India’s obsession with this landscape is well documented. Switzerland has for years been the go-to location for romantic Bollywood escapades. Nothing quiet says romance as whisking a girl, dressed in a soft pastel sari, from the busy streets of Mumbai to an isolated mountain top near Lucerne, and proclaiming your love, preferably in song. Naturally, the whole country is sold on the ticket. Every year bus loads of tour groups make this cinematic pilgrimage, pointing their cameras at where Bollywood royalty once danced. I just didn’t realize how strong, or influential, the Indian contingent would be. I hear more Indian accents than German. And there’s a touch of spice in the air.

It’s one thing to put up flags and customize service for your biggest customer base, but to pick up popular Indian phrases and use them with absolute comfort, is an effort that gets noticed. I can’t help but smile when the cable car guy shouts, “Chalo, chalo, shanti se chalo!” or when he whoops out, “Ganpati Bappa, Maurya!” on our safe return. His audience is giddy with joy. This is a story that will be told over several rounds of Kingfisher. And be written about on blogs.

On the mountain top things are a blinding white with a smudging of dark woollens. Everything seems in order till I catch a flash of bright green. There’s something very familiar about that green. Box-office, block buster familiar. Non-Indian tourists give the bright cut-outs a confused look over. Indians break into a big grin. Standing in the snow are two Bollywood superstars, in a still from one of the most successful films of all time, a movie that passes through Switzerland, full of cow bells, mountains and of course song-and-dance. These are after all Bollywood mountain tops.

Lights and Crackers – Foundation of the State Day in Budapest

It’s 20th August, Foundation of the State Day in Hungary.

Pulling into Budapest we notice the empty IKEA parking lot and a desolate Tesco. Maybe it was mistake driving down from Zagreb on a public holiday. But the closer we get to the city centre, the livelier it gets. Hungarian flags line the Budapest bridges and flutter enthusiastically. Closer to the water gathered crowds sway to music coming from giant loud speakers. The RJs speak in Hungarian so I don’t catch a word, but the mood is infectious.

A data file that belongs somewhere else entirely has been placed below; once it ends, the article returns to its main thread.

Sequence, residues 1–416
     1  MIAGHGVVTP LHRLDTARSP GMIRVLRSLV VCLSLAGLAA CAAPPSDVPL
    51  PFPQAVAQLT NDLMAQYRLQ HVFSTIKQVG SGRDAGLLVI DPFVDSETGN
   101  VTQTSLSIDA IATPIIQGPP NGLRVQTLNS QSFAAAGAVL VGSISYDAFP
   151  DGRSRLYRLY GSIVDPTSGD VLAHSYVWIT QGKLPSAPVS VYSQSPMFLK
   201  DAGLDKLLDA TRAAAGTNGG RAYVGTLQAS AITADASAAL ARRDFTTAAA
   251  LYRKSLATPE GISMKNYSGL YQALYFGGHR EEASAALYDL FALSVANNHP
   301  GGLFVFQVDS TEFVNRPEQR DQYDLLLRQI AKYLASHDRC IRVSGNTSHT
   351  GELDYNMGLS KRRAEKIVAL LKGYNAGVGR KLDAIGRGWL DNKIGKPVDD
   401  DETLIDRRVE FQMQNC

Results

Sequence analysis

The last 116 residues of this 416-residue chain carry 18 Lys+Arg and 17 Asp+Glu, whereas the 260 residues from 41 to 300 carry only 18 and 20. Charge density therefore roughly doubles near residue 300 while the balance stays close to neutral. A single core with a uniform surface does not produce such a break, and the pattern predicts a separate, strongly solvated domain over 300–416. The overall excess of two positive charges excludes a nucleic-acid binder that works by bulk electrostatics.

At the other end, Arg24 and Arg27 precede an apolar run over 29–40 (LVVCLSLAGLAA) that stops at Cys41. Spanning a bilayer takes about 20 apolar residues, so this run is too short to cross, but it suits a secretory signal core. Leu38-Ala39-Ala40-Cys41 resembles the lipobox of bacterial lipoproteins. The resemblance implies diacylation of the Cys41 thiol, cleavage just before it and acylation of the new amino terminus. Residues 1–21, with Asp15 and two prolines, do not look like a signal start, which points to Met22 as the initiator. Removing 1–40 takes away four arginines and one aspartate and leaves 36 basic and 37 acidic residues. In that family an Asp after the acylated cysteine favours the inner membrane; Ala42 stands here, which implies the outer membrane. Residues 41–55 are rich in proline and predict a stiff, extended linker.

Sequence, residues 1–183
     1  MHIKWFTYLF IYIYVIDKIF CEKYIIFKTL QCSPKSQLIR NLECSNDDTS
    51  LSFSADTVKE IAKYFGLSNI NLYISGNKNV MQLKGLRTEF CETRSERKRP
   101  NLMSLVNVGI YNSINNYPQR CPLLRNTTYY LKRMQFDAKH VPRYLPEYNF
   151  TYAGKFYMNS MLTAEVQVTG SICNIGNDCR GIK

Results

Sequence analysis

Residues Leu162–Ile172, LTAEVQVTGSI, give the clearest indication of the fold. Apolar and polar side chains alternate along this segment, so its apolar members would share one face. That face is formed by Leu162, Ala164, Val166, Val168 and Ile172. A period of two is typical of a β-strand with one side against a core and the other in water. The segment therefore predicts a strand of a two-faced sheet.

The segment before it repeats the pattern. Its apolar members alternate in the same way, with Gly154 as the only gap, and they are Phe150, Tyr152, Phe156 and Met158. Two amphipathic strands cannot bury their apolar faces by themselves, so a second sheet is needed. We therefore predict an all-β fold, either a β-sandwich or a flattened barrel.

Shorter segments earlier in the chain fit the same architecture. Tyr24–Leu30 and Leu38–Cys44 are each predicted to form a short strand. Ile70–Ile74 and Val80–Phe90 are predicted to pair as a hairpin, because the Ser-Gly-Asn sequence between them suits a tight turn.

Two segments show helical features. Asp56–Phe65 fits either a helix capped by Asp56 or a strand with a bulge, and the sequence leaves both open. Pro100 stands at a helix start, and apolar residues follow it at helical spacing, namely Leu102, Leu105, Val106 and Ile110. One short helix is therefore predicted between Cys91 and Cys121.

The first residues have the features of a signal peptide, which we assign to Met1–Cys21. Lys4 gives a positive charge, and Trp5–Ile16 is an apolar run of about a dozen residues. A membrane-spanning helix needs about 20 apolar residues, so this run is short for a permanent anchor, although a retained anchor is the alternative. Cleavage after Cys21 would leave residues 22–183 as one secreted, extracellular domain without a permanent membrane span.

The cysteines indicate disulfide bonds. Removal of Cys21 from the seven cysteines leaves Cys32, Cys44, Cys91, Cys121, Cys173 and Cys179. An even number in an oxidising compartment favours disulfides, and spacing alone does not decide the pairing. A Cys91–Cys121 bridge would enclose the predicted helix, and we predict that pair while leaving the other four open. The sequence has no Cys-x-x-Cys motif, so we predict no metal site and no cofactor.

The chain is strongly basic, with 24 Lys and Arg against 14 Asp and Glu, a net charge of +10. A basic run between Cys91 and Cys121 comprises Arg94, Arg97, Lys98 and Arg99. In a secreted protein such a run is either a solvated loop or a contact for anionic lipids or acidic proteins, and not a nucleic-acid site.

The day’s celebrations are set to culminate in a firework display on the Danube. Families and tourists have flocked to the waterfront with hours to spare, catching good seats. Along the sideline the city police stand in their yellow vests, patient. Vendors, in tight, short skirts, offer water and other refreshments, even though most people have come well prepared – I see biscuits, sandwiches, fizzy drinks and even a bottle of tequila being passed around.

Pumpkin seeds (at least that’s what I think they are) seem to be quite the local favourite here. Women set up stalls on streets that are pedestrian-only for the night. They sell heaps on squares of paper, much like bhel is served in India, or peanuts in other parts. The seeds are shelled and munched on, while the discarded bits collect in small piles. These little pale hillocks stand all along the waterfront, some tall and proud, others squashed flat by a careless foot.

The firework display starts exactly at 21:00. Hungarian pop makes way for a cheerful instrumental track. Young kids climb on shoulders, older ones stand over any vantage point they find; every head is tilted to the skies. There are three simultaneous spots (in the water) from where the crackers are launched. For half an hour Budapest’s clear night sky sparkles, glitters, and cracks.

The display signs off in a magnificent, colour filled burst, and an applause. The crowds start filtering out, making way for the cleaning crews armed with bins on wheels, brooms and picks. The police continue their shift. The air isn’t singed with smoke. Neither is the sky. It continues to be a beautiful night in Budapest.